The next minute Walt dropped to one knee as "will you marry me" flashed across the screen. He opened the box to reveal the same Lego bride and groom; the groom holding the ring, of course. It was quite the proposal, as you might agree. It was just so Walt. And so us. If you know anything about stop motion video you know it was truly a labor of love. Needless to say, I said yes!

It has been a blur of tears and happiness ever since, and we are so excited to start the next phase of our life together. And if the wedding is anything like the proposal video than you can guess it's going to be one hell of a throwdown. (Dad, don't say I didn't warn you!) The only real question now is how to get Hans Solo unfrozen out of carbonite so he can officiate the nuptials.

Here's the actual proposal video for all you romantics out there.

Serves 2, with leftovers

This recipe is inspired by a famous recipe from Glamour Magazine, although the cooking method and times have been greatly modified to meet my personal taste. The brine and cooking method are adapted from Ad Hoc at Home by Thomas Keller. Want to land your man? Make this now.

For the Chicken:
1 whole roasting chicken, about 4 – 5 pounds
1/2 cup fresh lemon juice
2 whole lemons
3 pounds roasting potatoes, peeled and chopped
3 sweet onions, peeled and thickly sliced
Good-quality olive oil Kosher salt and freshly ground pepper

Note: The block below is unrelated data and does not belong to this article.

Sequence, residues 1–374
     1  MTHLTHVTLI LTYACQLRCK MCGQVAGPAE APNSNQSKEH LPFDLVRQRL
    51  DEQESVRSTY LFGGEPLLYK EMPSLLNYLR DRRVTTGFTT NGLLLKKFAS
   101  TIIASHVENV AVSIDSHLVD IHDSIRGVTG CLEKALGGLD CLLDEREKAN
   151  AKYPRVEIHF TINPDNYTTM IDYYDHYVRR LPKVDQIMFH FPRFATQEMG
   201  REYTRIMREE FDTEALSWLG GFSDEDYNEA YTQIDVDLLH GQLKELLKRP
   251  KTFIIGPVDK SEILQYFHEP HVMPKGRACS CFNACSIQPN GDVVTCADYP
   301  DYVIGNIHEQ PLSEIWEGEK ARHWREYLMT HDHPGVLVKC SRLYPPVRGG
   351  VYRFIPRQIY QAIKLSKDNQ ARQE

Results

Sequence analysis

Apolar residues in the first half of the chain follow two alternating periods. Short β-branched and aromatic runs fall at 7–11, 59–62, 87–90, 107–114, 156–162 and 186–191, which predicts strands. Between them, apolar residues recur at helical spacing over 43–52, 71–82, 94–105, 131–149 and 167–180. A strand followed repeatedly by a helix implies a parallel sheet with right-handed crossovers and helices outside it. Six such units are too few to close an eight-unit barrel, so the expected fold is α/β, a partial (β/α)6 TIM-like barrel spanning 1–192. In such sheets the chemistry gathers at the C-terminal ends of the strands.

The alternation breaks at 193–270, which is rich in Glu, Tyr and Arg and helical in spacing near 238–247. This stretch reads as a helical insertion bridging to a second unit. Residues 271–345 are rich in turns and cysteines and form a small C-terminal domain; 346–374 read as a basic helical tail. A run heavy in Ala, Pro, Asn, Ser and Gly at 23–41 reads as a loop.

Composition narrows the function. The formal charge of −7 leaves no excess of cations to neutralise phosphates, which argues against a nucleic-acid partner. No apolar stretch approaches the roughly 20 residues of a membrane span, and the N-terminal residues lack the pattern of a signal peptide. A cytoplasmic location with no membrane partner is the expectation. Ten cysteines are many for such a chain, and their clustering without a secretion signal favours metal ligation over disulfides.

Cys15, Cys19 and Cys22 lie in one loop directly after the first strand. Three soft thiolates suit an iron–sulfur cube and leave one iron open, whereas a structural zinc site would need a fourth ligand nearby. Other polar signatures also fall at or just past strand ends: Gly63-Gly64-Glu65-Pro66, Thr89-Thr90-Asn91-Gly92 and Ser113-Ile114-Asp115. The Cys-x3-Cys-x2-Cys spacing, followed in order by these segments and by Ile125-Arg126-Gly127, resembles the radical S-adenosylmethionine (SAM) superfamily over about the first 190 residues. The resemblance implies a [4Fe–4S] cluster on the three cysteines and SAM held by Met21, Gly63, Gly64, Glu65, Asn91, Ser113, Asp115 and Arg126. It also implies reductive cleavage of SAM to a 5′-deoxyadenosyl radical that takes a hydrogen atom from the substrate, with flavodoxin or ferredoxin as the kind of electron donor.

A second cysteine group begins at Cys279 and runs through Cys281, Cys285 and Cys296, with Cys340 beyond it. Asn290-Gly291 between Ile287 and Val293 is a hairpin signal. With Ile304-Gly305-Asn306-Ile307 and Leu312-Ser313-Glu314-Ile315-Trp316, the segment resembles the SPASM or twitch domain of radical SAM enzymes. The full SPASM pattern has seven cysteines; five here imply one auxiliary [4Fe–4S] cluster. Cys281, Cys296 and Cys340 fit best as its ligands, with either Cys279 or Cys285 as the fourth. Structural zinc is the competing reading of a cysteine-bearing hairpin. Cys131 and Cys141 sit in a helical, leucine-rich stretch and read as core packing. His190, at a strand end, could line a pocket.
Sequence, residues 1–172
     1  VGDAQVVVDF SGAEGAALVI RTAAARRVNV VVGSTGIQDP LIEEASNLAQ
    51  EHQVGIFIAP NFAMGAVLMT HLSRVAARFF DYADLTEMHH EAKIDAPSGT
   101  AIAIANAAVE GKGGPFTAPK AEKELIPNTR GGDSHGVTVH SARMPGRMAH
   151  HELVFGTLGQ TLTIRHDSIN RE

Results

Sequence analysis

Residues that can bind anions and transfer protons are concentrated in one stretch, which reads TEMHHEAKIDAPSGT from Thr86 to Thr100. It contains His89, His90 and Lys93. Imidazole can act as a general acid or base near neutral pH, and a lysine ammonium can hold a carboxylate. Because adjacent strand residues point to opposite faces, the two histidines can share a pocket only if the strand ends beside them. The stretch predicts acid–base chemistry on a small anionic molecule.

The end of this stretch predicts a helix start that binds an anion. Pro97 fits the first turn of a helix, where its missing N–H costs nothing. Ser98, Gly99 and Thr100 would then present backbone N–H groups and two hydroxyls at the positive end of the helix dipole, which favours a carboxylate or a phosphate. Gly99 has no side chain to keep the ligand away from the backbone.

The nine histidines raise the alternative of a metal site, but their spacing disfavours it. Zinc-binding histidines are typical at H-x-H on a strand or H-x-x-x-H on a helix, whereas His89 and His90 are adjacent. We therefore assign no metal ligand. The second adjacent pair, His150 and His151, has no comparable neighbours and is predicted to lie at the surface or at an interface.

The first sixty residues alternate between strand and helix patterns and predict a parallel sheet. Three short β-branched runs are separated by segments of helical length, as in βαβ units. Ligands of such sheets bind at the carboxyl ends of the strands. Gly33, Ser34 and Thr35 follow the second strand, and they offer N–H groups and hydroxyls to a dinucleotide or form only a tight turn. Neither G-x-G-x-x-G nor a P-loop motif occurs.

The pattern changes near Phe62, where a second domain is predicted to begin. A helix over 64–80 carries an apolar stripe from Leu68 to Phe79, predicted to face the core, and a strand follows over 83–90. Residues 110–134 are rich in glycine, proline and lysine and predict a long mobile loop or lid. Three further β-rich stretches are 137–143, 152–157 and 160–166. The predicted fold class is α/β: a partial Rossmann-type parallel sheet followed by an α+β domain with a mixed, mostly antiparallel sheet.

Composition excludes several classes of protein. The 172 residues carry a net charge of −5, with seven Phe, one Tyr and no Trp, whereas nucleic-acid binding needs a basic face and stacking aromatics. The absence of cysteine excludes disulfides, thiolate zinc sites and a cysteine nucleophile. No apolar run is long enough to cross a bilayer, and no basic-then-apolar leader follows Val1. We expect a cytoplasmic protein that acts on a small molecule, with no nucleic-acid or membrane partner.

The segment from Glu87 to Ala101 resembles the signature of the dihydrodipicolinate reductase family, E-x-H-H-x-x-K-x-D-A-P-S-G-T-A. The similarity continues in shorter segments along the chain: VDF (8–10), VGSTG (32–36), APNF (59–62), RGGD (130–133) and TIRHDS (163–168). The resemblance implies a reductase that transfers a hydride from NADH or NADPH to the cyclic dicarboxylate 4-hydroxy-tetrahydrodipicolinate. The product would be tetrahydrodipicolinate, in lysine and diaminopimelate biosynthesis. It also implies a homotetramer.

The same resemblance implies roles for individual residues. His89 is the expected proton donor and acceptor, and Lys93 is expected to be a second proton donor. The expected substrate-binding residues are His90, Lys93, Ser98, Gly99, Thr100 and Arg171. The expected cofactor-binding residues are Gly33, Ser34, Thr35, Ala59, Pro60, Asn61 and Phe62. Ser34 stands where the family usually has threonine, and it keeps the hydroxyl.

For the brine:
1 gallon (16 cups) water, divided
1 cup kosher salt
3 lemons, halved
5 bay leaves
2 tablespoons honey
2 tablespoons black peppercorns

For the brine: In a large stock pot, cover the chicken with about 12 cups of cold water. In a microwave-proof bowl, heat 4 cups of water until almost boiling. Add the salt and stir until completely dissolved. Add the salted water to the stock pot. Add the lemons (squeezing some of the juice into the water), bay leaves, honey, and black peppercorns. Cover and refrigerate the chicken overnight, but no more than 12 hours.

For the chicken: Remove the chicken from the brine, rinse in cold water, and pat dry. Bring to room temperature for at least one hour and thirty minutes.

Preheat oven to 475 degrees. Set the chicken in a large bowl. Pour the lemon juice in and over the chicken (recycling back and forth between the bowl and measuring cup a few times to continue covering). Cut the 2 lemons in half and stuff inside the inner cavity of the bird. Sprinkle the chicken with salt and pepper.

Toss the potatoes and onions with a couple tablespoons of olive oil and a couple tablespoons of the leftover lemon juice (discard the rest). Season the vegetables generously with salt and pepper and arrange in the bottom of a large cast iron skillet. Nestle the chicken over the bed of vegetables. Roast for 25 minutes. Remove the chicken from the oven, lower the oven temperature to 400 degrees, and toss the vegetables again. Add the chicken back to the pan and cook for an additional 45 minutes, or until the internal temperature in the thickest part of the thigh reaches 160 degrees.

Remove the chicken from the oven. Allow to rest for 15 minutes before carving, to let the juices settle back into the meat. Toss the vegetables in the pan juices and season with additional salt and pepper, to taste. Pour any remaining pan juices over the chicken when serving